Separately, one notes that the Baker-Deal report, used as a pro-Proposition 71 advocacy vehicle BEFORE Proposition 71 passed, has come under increased scrutiny years AFTER Proposition 71 passed. In terms of newspaper responsibility, the flaws in the report could have been exposed before the vote by the newspapers, but they were not. The californiastemcellreport noted of work by David Hamilton:
If medical treatments can be derived from stem-cell research, they are at least a decade or two away, if history is any guide. Even then, new therapies envisioned by supporters, such as diabetes treatments that regenerate insulin-producing islet cells, might add to government health-care costs instead of curbing them. The Baker-Deal report (from the 2004 Prop. 71 campaign) figured that stem-cell therapies could save California at least $3.4 billion in health-care costs over the next three decades by assuming the therapies would reduce state spending on six major medical conditions by 1 percent to 2 percent. While the authors cast that as a 'conservative' estimate, they don't even model the possibility that costs might rise instead. Recent medical advances haven't appreciably slowed growth in overall U.S. health-care spending, which continues to rise far faster than inflation.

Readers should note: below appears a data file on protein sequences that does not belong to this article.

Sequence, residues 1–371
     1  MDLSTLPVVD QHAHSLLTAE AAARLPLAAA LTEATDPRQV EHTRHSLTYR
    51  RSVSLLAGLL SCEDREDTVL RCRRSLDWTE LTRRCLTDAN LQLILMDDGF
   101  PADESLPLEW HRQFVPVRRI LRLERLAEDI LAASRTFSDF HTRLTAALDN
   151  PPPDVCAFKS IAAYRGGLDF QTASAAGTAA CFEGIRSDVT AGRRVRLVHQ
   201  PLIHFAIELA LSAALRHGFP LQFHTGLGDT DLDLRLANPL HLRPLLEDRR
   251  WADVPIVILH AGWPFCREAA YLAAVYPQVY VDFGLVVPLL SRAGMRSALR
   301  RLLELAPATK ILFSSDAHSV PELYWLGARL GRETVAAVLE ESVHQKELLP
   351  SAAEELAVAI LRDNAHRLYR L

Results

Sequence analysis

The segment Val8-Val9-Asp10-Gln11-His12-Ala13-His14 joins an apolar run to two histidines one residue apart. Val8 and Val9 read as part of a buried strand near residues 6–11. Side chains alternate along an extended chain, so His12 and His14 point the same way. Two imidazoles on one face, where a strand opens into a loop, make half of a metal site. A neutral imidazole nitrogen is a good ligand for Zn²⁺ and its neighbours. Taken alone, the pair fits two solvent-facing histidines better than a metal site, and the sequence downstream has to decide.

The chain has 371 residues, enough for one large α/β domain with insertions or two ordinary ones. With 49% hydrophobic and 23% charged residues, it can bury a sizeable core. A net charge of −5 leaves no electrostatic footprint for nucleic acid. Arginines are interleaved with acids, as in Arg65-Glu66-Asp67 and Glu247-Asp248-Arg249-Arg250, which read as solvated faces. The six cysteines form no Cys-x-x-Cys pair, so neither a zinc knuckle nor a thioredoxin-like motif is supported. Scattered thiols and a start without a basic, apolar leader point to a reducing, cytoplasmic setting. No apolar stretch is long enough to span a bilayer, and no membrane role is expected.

Why did Baker and Deal see dollar signs? The $200,000 stem-cell supporters paid to Deal's firm, the Analysis Group, for campaign consulting might have something to do with it. In an interview, Baker said he didn't think of the report as advocacy but added that 'we knew we were working for people who wanted to pass this thing.' And while he still believes the economic benefits of stem-cell research could be 'quite large,' Baker also describes the report as merely 'one possible version of how things might happen.'

Californiastemcellreport concluded the post:
Hamilton's piece does not deal with a related reason for the economic argument for ESC research. Creating a dream of riches is an attempt -- generally successful, we might add -- to shift the terms of the debate. It is a no-win proposition if ESC research backers find themselves locked into a discussion of whether they are killing babies. [IPBiz: ???]